President Obama’s visit to Indonesia is not only personal but political. He will have the opportunity to visit the home where he lived as a young boy and the primary school he attended and learned the local language. None of the other 43 American presidents have had this kind of exposure to a non-Western country.
One of the president’s political objectives for this trip is to raise Indonesia’s global profile.
Many Americans underestimate the significance of Indonesia—often described as the most important country in the world that people know the least about. With 230 million inhabitants, it is the fourth most populous nation after China, India, and the United States. Eleven years ago, it began an impressive transition from 30 years of authoritarian rule by former President Soeharto to become arguably the most democratic country in all of East and Southeast Asia. What makes the transition all the more remarkable is that about 85 percent of Indonesia’s citizens are Muslim, showing how democratic values and Islamic beliefs can combine to build a “just and prosperous society,” the main societal goal specified in the Indonesian constitution.
Indonesia is also important because of its strategic location astride the sea-lanes between Europe, Africa, and the Middle East to the west and the Japan, China, and Korea to the north. In addition, it is richly endowed with natural resources: oil and gas, coal, copper, nickel, fish, timber, oil palms, and many more.
Perhaps the main reason why Indonesia is not well recognized by Americans is that the U.S. has never gone to war with the country. Another reason could be that few Indonesian immigrants and students have come to the U.S. Compared to other Asian countries, Indonesia today remains distinctly more inward-looking and suspicious of foreigners.
Raising Indonesia’s profile can benefit the United States by helping to maintain a balance among Asia’s three leading powers: China, Japan, and India. Furthermore, Indonesia’s success in creating a durable system of democratic governance holds great potential benefits for a world struggling to address the problems associated with weak or conflict-ridden nations.
A quick assessment of Indonesia’s strengths and weakness on the eve of President Obama’s visit reveals a mixed picture.
Five areas of strength stand out. A set of four amendments to the constitution since Soeharto was forced to step down in 1998 has produced a solid political framework, notably including the direct election of the president. Free and fair nationwide elections have been conducted three times and are now routine at the provincial and district/city level. A sweeping decentralization law was passed in 2001, vesting more power in its 440 districts and cities than in its 33 provinces. Civil society has flourished, reinforced by a remarkably free press. Economic leadership has been exceptionally strong, most visibly by current Vice President Boediono and Finance Minister Sri Mulyani. They have managed Indonesia’s recovery from the extremely severe financial crisis it experienced in 1997-1998.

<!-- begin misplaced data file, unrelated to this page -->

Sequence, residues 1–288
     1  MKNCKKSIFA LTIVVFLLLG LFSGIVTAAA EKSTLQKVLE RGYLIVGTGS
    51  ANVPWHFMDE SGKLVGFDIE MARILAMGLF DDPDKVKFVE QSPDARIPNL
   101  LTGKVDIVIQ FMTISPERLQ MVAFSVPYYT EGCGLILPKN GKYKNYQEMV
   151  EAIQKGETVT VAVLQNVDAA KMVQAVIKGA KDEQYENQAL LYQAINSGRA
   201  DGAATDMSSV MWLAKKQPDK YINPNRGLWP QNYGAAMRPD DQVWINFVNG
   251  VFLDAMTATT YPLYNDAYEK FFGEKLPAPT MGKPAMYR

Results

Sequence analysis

Six areas of weakness stand out. The legislature has excelled in granting itself generous salaries and benefits while bottling-up laws essential to improving governance and raising standards of living broadly. The bureaucracy performs poorly because it is underpaid and undisciplined. The military is largely out of politics but still too engaged in business activities to be a respected professional force.
Perhaps worst of all, Indonesia has allowed its rich resource endowment to be more of a curse than a blessing. Over-exploitation is occurring in virtually every square mile of the country, in its territorial waters as well as it 17,000 islands. Insufficient investment in infrastructure has made Indonesia a high-cost production base. And a host of impediments to domestic as well as foreign investment are making it harder for the private sector to create jobs at the pace required to absorb new entrants into the labor force.
Obama’s visit to Indonesia, albeit short, is the beginning to placing the country on the map. The “Comprehensive Partnership” that the two countries will formally launch represents the kind of long-term commitment that can go far in helping Indonesia pull its weight in global affairs.
Significantly, Indonesian President Susilo Bambang Yudhoyono proposed the Comprehensive Partnership in November 2008 as he was gearing up for his successful campaign to serve a second five-year term. Fleshing out the content has been an excellent test of the Obama administration’s foreign policy, which emphasizes listening rather than lecturing. Education is likely to emerge as the top priority: strengthening Indonesian universities, helping more Indonesians to study in the U.S., and encouraging more Americans to pursue Indonesian studies. The Indonesians would like to see U.S. economic and development assistance scaled up, but it will be difficult to meet their expectations in this area. The most problematical area is military cooperation because Indonesia has yet to articulate, let alone implement, a defense and security strategy that deserves strong support from the United States.
President Obama’s visit, eagerly awaited by the Indonesians from the day he was elected in November 2008, has great symbolic importance for both countries. However, the tangible benefits for the men and women on the streets of both countries will materialize slowly in the coming years, with hard work carried out on both sides.